College pays $800,000 to students banned from evangelizing on campus after SCOTUS ruling: lawyers
Supreme Court ruled 8-1 last year that First Amendment plaintiffs can seek "nominal damages" without showing measurable economic harm.
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More than a year after the Supreme Court ruled that a student evangelist can sue his former school for "nominal damages" for First Amendment violations, without showing measurable economic harm, the two parties have reached a hefty settlement.
Georgia Gwinnett College, a state institution, agreed to pay Chike Uzuegbunam and Joseph Bradford more than $800,000 in attorney's fees and nominal damages, according to the students' lawyers at the Alliance Defending Freedom (ADF).
The stipulated dismissal doesn't include the settlement itself, but nominal damages -- representing hard-to-quantify harms such as constitutional violations -- are usually $1 per plaintiff, meaning nearly all the settlement goes to attorney fees.
College officials twice shut down Uzuegbunam for evangelizing on campus, first for proselytizing without a permit and then for drawing complaints from passers-by -- even though he obtained a permit for proselytizing.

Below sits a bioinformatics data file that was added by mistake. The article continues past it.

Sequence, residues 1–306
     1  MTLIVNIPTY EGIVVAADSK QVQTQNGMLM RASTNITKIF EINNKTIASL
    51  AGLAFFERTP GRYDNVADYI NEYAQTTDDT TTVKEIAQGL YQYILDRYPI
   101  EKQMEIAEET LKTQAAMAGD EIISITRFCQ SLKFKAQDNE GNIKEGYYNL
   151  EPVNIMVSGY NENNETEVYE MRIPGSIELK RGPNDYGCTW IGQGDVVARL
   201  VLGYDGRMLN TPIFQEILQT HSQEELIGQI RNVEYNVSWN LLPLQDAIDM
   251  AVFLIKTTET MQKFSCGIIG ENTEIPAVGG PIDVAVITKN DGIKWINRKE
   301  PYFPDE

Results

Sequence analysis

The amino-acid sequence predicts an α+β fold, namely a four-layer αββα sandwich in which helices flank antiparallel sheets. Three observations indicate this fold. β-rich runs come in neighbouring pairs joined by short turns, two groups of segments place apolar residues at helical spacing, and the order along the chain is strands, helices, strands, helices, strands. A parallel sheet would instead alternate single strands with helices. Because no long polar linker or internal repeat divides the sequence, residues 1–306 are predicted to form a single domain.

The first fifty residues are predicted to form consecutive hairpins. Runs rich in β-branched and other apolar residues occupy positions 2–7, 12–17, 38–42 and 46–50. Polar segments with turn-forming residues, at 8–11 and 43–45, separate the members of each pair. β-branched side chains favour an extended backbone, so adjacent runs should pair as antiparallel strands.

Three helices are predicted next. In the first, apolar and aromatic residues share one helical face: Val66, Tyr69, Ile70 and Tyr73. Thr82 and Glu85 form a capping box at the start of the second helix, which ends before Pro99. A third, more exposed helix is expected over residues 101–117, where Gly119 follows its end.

Bradford alleged his evangelism was unconstitutionally chilled because of the actions against Uzuegbunam, though the settlement was reached before the trial court could determine whether he had "established a past, completed injury."
After first comparing evangelism to "fighting words", the college changed its free-speech policies and tried to dismiss the lawsuit as moot, saying nominal damages alone weren't enough to sustain litigation. A cross-ideological coalition sided with the students, and SCOTUS agreed.
A federal trial court rejected the college's motion to dismiss the case as moot after paying nominal damages in December.
ADF Senior Counsel Travis Barham called the settlement a victory for "many other students who wish to exercise their constitutionally protected freedoms" at Georgia public colleges. Thanks to the trial court ruling, "the college has finally decided to stop fighting the Constitution," he said.
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